Newspaper article The Christian Science Monitor

Bill Gates Just Endorsed Socialism, Sort Of: A Boost for Bernie Sanders?

Newspaper article The Christian Science Monitor

Bill Gates Just Endorsed Socialism, Sort Of: A Boost for Bernie Sanders?

Article excerpt

Bill Gates, the billionaire computer maven who owes his fortune to capitalism, recently made comments that appeared to endorse socialism - and it might be an inadvertent boon for Bernie Sanders.

In an interview with Atlantic that made headlines across the Internet, the former Microsoft CEO-turned philanthropist argued that "the private sector is in general inept" as a tool to manage climate change because "there's no fortune to be made," and that the only solution lies with government.

Governments, he said, must dramatically increase spending on research and development to combat climate change. Private companies should play a supporting role by paying the costs of rolling out those technologies.

"Yes, the government will be somewhat inept," Mr. Gates said. "But the private sector is in general inept. How many companies do venture capitalists invest in that go poorly? By far most of them."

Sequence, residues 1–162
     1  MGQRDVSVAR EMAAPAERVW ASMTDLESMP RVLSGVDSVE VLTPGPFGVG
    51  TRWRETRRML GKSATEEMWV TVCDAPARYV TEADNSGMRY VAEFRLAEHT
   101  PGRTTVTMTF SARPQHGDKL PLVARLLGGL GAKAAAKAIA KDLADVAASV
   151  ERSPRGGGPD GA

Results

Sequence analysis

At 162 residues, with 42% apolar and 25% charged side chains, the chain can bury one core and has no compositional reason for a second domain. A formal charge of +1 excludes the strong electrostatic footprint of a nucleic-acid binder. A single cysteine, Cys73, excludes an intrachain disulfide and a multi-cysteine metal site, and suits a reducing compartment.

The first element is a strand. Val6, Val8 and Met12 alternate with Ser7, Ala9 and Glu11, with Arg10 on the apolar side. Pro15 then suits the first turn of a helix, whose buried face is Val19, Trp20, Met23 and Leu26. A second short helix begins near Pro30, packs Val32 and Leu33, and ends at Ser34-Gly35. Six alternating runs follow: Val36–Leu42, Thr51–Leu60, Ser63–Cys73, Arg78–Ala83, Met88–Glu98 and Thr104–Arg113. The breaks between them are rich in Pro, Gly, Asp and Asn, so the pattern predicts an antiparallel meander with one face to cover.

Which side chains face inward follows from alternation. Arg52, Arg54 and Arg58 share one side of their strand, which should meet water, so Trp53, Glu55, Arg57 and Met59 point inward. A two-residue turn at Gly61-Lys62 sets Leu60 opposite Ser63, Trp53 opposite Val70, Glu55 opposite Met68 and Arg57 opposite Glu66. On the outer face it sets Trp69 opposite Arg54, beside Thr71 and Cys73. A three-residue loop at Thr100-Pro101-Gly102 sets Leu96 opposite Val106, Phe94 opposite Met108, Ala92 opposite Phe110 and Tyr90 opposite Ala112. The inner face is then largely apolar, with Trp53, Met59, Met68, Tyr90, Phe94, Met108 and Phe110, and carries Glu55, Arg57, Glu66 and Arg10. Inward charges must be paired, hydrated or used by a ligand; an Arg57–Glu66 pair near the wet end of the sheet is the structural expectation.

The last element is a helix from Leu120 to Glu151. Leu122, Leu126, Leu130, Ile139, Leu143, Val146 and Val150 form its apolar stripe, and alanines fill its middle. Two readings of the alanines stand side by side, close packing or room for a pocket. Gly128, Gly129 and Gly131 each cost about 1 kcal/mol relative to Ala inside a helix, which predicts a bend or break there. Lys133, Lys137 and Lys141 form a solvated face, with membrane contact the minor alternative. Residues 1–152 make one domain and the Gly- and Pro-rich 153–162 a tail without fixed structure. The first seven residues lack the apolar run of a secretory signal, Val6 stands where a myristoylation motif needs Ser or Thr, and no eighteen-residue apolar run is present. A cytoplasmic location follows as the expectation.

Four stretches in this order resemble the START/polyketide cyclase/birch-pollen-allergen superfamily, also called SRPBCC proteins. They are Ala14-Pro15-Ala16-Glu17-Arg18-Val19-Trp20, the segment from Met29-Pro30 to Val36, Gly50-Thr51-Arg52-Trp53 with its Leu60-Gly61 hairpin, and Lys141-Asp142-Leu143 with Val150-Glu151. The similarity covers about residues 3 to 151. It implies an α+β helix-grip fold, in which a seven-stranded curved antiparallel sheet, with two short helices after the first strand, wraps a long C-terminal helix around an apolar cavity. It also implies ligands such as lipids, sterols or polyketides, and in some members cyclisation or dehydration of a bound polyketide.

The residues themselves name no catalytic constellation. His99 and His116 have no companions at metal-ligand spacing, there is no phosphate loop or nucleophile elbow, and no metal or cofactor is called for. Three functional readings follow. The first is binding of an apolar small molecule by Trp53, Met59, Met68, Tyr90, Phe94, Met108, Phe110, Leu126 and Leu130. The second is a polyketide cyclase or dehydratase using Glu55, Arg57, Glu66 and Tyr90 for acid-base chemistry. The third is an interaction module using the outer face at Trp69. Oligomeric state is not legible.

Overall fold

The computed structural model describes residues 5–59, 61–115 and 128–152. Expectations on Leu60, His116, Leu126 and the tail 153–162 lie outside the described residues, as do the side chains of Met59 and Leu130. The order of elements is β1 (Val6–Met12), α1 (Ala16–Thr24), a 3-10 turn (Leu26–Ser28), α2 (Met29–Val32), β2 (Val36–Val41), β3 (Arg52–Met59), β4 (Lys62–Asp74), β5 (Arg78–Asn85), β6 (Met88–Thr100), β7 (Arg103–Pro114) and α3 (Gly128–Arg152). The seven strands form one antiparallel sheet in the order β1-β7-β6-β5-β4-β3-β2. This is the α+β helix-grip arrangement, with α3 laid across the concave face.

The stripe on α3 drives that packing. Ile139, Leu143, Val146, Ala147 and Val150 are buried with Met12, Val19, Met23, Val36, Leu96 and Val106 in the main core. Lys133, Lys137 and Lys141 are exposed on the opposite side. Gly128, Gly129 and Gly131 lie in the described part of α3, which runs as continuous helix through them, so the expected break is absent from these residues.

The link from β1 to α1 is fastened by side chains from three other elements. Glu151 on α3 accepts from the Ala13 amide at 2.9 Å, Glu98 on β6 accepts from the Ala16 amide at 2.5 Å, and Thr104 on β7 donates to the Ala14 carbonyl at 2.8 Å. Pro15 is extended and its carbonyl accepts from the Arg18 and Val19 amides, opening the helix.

To be sure, it was not a blanket condemnation of capitalism, nor a blanket endorsement of socialism. Still, in a country where socialism is seen by a generation of Americans as a negative, often associated with Communism and the Soviet Union, Gates' comments, combined with those of Vermont Senator Sanders, could open a new debate in America, and possibly signal a shift in American views toward capitalism and socialism.

After all, one of the wealthiest men in America just offered an endorsement for socialism, and one of the men who could become America's next president is a self-described socialist whose proposal to reduce wealth inequality is a central part of his platform.

That candidate, of course, is Sanders, who has repeatedly and proudly upheld his socialist views throughout his campaign.

Sanders supported the socialist Sandinistas in Nicaragua in the 1980s, honeymooned in the Soviet Union, told a Sunday news show he's not a capitalist, and, in the first Democratic presidential debate, praised the healthcare system in Denmark, which has been called one of the top 10 most socialist countries in the world (curiously, the list excludes the officially Marxist-Leninist states of Cuba, Vietnam, and Laos, although it includes China).

Throughout his surprisingly successful run, Sanders has made a moral argument against wealth inequality, and has campaigned for free college education, a national health-care program guaranteeing coverage for all people, a higher minimum wage, and higher taxes on the wealthy. …

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